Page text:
The wild boar is considered as the parent stock of the common hog. He is a furious and formidable animal. The tusks are larger and stronger than in the tame herds, the color is iron-grey, inclining to black. His snout is long, and his ears are short. At present wild boars frequent the marshes around the upper Jordan, and have been found on Mount Carmel, and in large herds near the sea of Tiberias. They were frequent in the time of the Crusades. Richard Coeur de Lion encountered one, ran him through with a lace, and while the animal was still endeavoring to gore his horse, leaped over him, and slew him with his sword. The destructive ravages of the animal are referred to in Ps 80:13.
occurs only in Ps 80:13. The same Hebrew word is elsewhere rendered "swine" (Le 11:7; De 14:8; Pr 11:22; Isa 65:4; 66:3,17). The Hebrews abhorred swine's flesh, and accordingly none of these animals were reared, except in the district beyond the Sea of Galilee. In the psalm quoted above the powers that destroyed the Jewish nation are compared to wild boars and wild beasts of the field.
The flesh of "swine" (domestic) was forbidden food to Israel. Eating it was the token of apostasy under Antiochus Epiphanes' persecution, and is mentioned among Judah's provocations of Jehovah (Isa 65:4; 66:17). E. of the sea of Galilee, some Gadarenes are mentioned as having a herd of 2,000. Probably they refrained themselves from the flesh, and compromised between conscience and covetousness by selling them to their neighbors the Gentiles. But they gained nothing by the compromise, for the whole herd perished in the wafters, in judicial retribution. The Lord of the land, peculiarly set apart as the Holy Land, finds it defiled with demons and unclean beasts. The demons beg leave not to be sent to the abyss of torment, but into the swine. With His leave they do so, and the swine rush down the steep and perish in the waters.
Instead of gratitude for the deliverance, the Gadarenes prefer their swine, though at the cost of the demons' presence, to the Savior at the cost of sacrificing their swine; so they entreat Him to "depart out of their coasts," forgetting His word, "Woe to them when I depart from them" (Ho 9:12); a striking contrast to him who was delivered from the demons and who "prayed that he might be with Jesus (Mr 5:15-18). The lowest point of the prodigal's degradation was when he was sent into the fields to feed swine (Lu 15:15). The sensual professor's backsliding into "the pollutions of the world," after he has "escaped them through the knowledge of the Lord and Savior," is fitly compared to "the sow that was washed returning to her wallowing in the mire" (2Pe 2:20-22).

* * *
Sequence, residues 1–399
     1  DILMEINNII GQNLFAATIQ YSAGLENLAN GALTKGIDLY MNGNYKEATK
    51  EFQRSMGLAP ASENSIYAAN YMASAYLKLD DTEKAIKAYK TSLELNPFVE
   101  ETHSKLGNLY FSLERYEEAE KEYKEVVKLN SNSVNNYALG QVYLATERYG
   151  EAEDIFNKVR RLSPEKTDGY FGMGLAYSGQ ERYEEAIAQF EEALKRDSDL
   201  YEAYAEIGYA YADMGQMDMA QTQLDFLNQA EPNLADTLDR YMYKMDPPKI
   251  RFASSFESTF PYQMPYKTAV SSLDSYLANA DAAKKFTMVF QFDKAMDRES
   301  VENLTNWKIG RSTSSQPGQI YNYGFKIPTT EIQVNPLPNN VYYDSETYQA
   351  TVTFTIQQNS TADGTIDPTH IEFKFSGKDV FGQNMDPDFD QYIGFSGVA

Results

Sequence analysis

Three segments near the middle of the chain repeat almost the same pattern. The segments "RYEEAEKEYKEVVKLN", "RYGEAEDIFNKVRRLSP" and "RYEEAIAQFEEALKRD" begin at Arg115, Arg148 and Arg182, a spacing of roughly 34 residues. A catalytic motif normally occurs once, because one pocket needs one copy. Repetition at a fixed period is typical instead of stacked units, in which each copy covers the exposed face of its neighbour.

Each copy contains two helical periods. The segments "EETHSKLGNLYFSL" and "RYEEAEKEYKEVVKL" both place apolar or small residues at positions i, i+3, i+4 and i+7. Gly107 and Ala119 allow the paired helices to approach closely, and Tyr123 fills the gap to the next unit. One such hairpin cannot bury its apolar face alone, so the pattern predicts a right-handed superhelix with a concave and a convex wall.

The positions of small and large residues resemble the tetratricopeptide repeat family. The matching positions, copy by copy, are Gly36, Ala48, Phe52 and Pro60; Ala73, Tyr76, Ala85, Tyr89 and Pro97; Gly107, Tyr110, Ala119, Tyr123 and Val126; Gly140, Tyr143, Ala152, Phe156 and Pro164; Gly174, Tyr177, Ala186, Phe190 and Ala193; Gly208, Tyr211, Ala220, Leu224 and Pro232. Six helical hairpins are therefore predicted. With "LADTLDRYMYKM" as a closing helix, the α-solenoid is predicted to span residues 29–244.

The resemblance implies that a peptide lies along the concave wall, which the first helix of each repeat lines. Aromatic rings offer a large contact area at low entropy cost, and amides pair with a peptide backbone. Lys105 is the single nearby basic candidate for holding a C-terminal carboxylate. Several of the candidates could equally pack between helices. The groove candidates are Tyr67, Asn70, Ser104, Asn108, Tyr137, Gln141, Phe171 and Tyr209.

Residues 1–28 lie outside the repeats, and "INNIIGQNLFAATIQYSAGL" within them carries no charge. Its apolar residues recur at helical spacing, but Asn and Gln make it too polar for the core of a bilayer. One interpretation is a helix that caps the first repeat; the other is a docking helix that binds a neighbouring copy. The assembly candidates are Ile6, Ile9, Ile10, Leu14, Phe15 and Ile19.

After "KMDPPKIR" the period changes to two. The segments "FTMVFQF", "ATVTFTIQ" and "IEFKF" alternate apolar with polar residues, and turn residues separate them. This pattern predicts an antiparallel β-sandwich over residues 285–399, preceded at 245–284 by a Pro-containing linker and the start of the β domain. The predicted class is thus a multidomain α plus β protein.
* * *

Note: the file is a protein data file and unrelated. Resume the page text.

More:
As a jewel of gold (worn often by women as 'nose jewels,' Isa 3:21) in a swine's snout, so is a fair woman which is without discretion (Hebrew: taste, i.e. without moral perception of what is pure and impure) (Pr 11:22). The brutish stolidity of those who appreciate only what gratifies their own foul appetites disqualifies them for appreciating heavenly mysteries; to present these holy truths to them would be as unwise as to east pearls before swine, which would only trample them under foot (Mt 7:6).
The wild boar is mentioned once only (Ps 80:13). Its destroying a vineyard partly by eating the grapes, partly by trampling the vines under foot, is the image of the pagan world power's ravaging of Israel, Jehovah's choice vine, transplanted from Egypt into the Holy Land. Pococke saw large herds among the reeds of Jordan, where it flows into the sea of Galilee; and so it is sculptured on Assyrian monuments as among reeds. Its Hebrew name, chazir, is from a root to roll in the mud.
The wild boar (Arabic khanzir) is quite common in the Jordan Valley, specially in the reed thickets near the Dead Sea. It is also found on Mount Tabor. It is still noted for its destructiveness (Ps 80:18). Though a forbidden food to the Moslem as well as the Jew (Le 11:7; De 14:8), the flesh is eaten by the nominally Moslem Bedouin of Palestine. See Swine.
E. W. G. Masterman.
The well-known animal in its wild state. They are still found in Palestine, and dwell among the long reeds in the Jordan valley and marshy places. They are very destructive to cultivated land. Ps 80:13.
BOAR, ????. The wild boar is considered as the parent stock of our domestic hog. He is smaller, but at the same time stronger and more undaunted, than the hog. In his own defence, he will turn on men or dogs; and scarcely shuns any denizen of the forests, in the haunts where he ranges. His colour is always an iron grey, inclining to black. His snout is longer than that of the common breed, and his ears are comparatively short. His tusks are very formidable, and all his habits are fierce and savage. It should seem, from the accounts of ancient authors, that the ravages of the wild boar were considered as more formidable than those of other savage animals. The conquest of the Erymanthian boar was one of the fated labours of Hercules; and the story of the Calydonian boar is one of the most beautiful in Ovid. The destructive ravages of these animals are mentioned in Ps 80:14. Dr. Pococke observed very large herds of wild boars on the side of Jordan, where it flows out of the sea of Tiberias; and saw several of them on the other side lying among the reeds by the sea. The wild boars of other countries delight in the like moist retreats. These shady marshes then, it should seem, are called in the Scripture, "woods;" for it calls these animals, "the wild boars of the woods."